Traditional satellite

More of a proven tech, but has its own downsides. It's even more expensive than Starlink (especially if you're a full-timer without a residential plan), with more expensive hardware, and also requires an unobstructed view, and can be impacted by weather. Still a plausible option for full-time boondockers with jobs, but seems to be falling out of favor in the community.

Public WiFi

It's getting more and more common these days; Every 4th business seems to have their own WiFi. Though obviously, it requires you to be in or near the business, and the speed can vary greatly, and it's, you know, public, so it's a bit more dangerous. I'd suggest getting a VPN if you plan on doing anything substantial through this route.

Before I upgraded my own system, I had mapped out businesses that I could get a decent connection to from inside my van in the parking lot. Turns out McDonald's is generally a pretty good choice; I found one where I was getting 100Mbps+ at 20ms from the parking lot.

It's easy to overstay your welcome doing this as well. I mean, if you're just parked in the lot for free internet, you're not really welcome to begin with. In two years I've gotten precisely two knocks, one was from a McDonald's manager asking why I'd been parked in his lot for 4 hours haha.

Verizon 5G home internet

Your reward for making it to the end of this post, my current main option and favorite of everything I've listed. Basically the same concept as mobile hot-spots, except it's not meant to be mobile. Actually unlimited data on the Verizon 5G network for $50/month. And if you have a good connection, blazing fast. Easily 100Mbps+.

It is, however, made for home internet, and even states in the TOS that it's not for mobile use. So whether this is a reliable option for the future is a bit dicey. Verizon does keep a connection log with which towers you're connecting to. I had to call customer service because my hardware was crapping out, and he started reviewing the connection logs while I was innocently whistling to myself. It would not be hard for them to deduce I'm using this thing on the road.

And while it is marginally more powerful than a cell phone, it's still reliant on cell service. I've spent far too much time hunting for boondocking spots with decent 5G signal for my internet-addicted ass.

But overall, it's been pretty great. I'm a heavy user (online gaming, video streaming, torrents) and I've yet to have any issues while I have service.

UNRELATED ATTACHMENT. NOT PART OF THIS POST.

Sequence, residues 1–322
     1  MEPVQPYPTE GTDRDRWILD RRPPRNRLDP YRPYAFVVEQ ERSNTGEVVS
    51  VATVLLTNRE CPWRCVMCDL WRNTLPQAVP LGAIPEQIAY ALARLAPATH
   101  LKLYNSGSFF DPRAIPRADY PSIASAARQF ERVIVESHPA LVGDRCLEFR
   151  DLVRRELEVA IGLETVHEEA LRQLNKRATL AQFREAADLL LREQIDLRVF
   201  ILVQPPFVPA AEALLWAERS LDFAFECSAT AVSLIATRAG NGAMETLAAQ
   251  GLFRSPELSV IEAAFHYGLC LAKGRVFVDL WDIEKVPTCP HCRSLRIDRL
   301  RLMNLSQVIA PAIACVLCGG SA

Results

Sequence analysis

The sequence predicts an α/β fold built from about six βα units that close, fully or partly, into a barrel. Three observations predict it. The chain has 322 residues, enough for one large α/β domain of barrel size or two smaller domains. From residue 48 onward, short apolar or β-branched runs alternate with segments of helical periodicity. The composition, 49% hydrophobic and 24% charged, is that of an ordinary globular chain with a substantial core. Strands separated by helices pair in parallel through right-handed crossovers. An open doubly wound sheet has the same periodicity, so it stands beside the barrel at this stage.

My recommendation

If you're just starting out, you can probably get by just fine between cell tethering and public WiFi. I did for 6 months until I got tired of parking at McDonald's.

Next step up would be Verizon 5G. Pretty cheap and great service for 90% of the populated country. Not a great option for boondockers.

Finally, Starlink for boondockers. It's expensive, but likely to be a better option than traditional satellite.

Other articles

What do you all think? Any other recommendations?

 

People often ask me, which is worse while full-timing in the van, summer or winter? Easy answer; I have a gas heater.

 
 

Thought I'd share what my build process looked like! This was over the course of about 1.5 years, mostly on weekends while working during the week. Finished it up about a year ago, still haven't taken any pics of the final product. Perhaps I'll make another post!

Imgur album

While I'm very happy with the outcome, I would NOT recommend doing what I did: Working in Home Depot parking lots with battery-operated tools, while using the vehicle as your primary. Only way I'd consider doing another build is if I had access to a garage with enough room to both fit the van and simultaneously construct cabinets and the like, while having another vehicle to drive and make Home Depot runs.

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Welcome! (sh.itjust.works)
 

Excited for a new place to share this lifestyle! I've been full-timing in my self-built "Van Milder" (pictured above) for 1.5 years, principally located in the Northeast US. I'm currently a software dev, with experience in mechanical, electrical, and audio engineering.

I loved helping people out with technical questions at r/Vandwellers, so trying to keep that spark alive. Although I'll miss my sometimes contentious relationship with u/lennyflank, as I doubt he's going to be much excited about the Fediverse.

Let's get this party rolling!

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Recommended Apps (sh.itjust.works)